The Utility of a 5S

One of the Kaizen (improvement) events that is nearing completion is our 5S of two large storage closest that the dinner services here at Wadsworth are using. Throughout the whole process, the effectiveness of a 5S has really hit home with me. The initial state began with both storage closets being cluttered, with a combination of unneeded junk and items the dinner services would need. Now as the process nears completion one closest is completely empty, allowing other offices to store items there. Furthermore, only necessary items are now stored, and their storage spaces contain labels to prevent future disorders. As far as measurable effects go that is a 50% reduction in the total amount of space. Also, it seems clear that items will take less time to store and retrieve, though there is not enough data to definitively claim this as of yet.

The target state established at the beginning of the Kaizen.

To achieve these results, we followed the process that every other 5S follows as well. Each of the “S”s in the 5S is another step of the process. The five different “S”s are sort, set, shine, standardize, and sustain, with most 5Ss following that order.

The sorting step entails categorizing each item or cluster of items by importance (for our 5S we simply assigned items colored stickers). Then,  useless items can be re-purposed, or discarded.

The next step is the set step. In this step, the position of each item or cluster of items is determined through careful planning to ensure an organized area. Then, these items are put into their rightful place.

Following this is the shine step. This step is the continual process of keeping the area clean. This step is critical to sustaining the results of the previous two steps.

After this is the standardize step. A standard is created so, the current organization is not modified. This standard is recorded to allow future employees to be able to keep the area organized without being part of the improvement event themselves.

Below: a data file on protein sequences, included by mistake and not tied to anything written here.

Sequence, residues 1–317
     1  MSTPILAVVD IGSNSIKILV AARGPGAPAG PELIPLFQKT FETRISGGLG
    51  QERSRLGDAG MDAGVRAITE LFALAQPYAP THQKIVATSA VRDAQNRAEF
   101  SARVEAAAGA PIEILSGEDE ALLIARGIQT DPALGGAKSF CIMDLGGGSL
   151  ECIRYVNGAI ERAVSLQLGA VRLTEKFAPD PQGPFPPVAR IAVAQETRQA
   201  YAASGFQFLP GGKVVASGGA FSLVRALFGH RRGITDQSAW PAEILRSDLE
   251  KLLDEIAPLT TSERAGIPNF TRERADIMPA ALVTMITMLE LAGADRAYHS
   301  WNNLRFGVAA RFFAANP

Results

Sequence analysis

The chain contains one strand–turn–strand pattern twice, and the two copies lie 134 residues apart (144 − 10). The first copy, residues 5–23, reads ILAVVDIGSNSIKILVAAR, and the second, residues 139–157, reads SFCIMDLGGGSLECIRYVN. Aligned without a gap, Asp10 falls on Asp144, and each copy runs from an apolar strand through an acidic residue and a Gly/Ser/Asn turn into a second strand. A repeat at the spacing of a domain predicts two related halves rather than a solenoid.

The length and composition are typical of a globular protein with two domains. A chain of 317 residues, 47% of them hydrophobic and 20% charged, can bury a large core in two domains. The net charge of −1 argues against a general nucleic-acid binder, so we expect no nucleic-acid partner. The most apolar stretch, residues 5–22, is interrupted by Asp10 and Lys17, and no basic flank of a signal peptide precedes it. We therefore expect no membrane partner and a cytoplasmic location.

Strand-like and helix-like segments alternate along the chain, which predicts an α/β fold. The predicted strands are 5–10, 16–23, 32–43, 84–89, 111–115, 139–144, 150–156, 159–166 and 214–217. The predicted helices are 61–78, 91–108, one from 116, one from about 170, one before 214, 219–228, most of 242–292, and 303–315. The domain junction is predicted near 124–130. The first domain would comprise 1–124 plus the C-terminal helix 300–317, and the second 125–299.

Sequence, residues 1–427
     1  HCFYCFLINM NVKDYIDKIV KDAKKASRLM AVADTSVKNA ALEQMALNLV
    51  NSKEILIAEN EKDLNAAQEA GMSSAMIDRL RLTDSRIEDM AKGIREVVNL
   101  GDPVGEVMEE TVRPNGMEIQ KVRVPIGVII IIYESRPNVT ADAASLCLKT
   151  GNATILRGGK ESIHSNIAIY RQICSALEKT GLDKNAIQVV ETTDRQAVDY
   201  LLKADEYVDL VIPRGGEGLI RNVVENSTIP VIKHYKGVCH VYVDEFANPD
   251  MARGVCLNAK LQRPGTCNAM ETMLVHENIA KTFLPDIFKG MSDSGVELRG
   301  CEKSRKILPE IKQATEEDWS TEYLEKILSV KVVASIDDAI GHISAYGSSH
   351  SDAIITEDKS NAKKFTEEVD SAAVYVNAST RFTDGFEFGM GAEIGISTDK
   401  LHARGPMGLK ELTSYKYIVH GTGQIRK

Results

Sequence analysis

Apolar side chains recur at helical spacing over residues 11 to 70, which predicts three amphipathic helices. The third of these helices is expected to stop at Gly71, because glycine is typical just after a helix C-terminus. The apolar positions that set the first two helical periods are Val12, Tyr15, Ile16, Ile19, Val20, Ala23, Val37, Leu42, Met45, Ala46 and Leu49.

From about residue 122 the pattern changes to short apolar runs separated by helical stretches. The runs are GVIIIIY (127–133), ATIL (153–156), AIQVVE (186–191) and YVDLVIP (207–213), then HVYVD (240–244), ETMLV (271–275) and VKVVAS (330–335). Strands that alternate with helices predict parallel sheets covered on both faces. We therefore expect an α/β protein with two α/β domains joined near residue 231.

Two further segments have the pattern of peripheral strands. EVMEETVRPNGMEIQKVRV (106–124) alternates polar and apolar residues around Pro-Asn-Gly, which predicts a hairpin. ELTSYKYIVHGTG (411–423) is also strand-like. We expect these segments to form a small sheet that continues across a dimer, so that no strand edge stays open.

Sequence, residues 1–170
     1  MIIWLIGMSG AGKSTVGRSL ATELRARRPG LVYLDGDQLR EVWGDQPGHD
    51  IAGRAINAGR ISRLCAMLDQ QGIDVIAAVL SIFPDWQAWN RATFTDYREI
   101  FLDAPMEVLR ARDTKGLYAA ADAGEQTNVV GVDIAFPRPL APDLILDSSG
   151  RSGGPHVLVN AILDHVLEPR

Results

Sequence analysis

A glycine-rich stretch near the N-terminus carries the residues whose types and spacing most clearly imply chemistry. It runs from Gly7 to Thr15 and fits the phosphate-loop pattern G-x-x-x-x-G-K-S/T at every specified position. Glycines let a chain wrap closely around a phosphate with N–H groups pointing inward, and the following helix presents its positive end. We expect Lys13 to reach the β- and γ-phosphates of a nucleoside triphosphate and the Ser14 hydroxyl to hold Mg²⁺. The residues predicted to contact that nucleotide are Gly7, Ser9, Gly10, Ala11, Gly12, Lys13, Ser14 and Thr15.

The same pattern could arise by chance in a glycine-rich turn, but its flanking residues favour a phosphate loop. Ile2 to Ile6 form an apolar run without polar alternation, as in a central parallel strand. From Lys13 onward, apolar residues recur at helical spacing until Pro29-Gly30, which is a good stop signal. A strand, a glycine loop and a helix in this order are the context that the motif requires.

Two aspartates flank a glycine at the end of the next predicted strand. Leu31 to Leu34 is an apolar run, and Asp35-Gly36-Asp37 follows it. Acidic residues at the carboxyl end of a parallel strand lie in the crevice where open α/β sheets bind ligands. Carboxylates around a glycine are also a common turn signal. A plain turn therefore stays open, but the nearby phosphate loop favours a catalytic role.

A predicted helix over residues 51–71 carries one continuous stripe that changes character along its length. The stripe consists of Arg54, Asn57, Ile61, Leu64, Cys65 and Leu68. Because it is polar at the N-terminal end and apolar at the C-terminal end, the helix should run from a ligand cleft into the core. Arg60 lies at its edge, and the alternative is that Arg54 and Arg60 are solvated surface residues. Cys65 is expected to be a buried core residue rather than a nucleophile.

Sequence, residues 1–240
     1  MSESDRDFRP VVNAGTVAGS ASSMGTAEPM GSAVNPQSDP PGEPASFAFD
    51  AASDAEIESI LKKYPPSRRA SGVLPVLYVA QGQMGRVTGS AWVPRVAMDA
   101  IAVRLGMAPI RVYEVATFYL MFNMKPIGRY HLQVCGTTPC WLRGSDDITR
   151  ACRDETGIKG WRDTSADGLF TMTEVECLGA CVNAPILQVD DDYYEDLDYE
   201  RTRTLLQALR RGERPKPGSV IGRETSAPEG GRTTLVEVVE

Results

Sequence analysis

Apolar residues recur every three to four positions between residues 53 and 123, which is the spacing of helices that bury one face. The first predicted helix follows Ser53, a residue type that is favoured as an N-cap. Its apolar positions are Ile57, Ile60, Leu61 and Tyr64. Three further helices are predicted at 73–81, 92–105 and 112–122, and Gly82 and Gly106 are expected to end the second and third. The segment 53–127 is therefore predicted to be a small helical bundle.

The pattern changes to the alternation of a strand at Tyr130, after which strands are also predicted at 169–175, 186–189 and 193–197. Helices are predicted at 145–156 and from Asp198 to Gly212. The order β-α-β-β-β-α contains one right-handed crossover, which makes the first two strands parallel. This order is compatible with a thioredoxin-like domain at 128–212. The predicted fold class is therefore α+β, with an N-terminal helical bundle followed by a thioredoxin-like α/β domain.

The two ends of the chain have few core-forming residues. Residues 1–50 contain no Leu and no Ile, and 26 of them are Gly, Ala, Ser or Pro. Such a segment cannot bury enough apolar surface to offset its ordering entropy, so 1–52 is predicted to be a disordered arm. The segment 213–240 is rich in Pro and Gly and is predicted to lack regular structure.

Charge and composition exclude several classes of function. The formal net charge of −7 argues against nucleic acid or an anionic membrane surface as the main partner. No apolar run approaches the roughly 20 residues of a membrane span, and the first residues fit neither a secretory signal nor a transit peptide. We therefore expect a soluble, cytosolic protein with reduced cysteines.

The last step is sustain. This step entails having a formal system to ensure that each previous part of the 5S is not changed over time. Typically, this is done by setting up periodic audits to determine if there are any issues with the execution of the 5S.

Overall, a 5S is a very effective workplace tool that, when followed, has proven to improve organization in the workplace.


2 comments on “The Utility of a 5S”

  • Theresa Coleman-Kaiser
    October 8, 2019 at 6:23 AM

    You did a great job explaining the five steps, the S’s, in 5S thinking. What is your hypothesis on the likelihood of sustaining the improvement. I have found “sustain” to be the hardest step. What countermeasures did the team come up with to ensure no backsliding and entropy?

  • Theresa Coleman-Kaiser
    October 8, 2019 at 6:25 AM

    I like how you quantified the improvement, showing a 50% decrease in sq. ft. How can this be quantified in dollars? I’m thinking that by using the freed up space for other purposed the University avoided the cost of renting storage space. You could put a number to that! We are often asked about the financial impact of improvement work. I like it when we can demonstrate impact from a variety of perspectives, including dollars.

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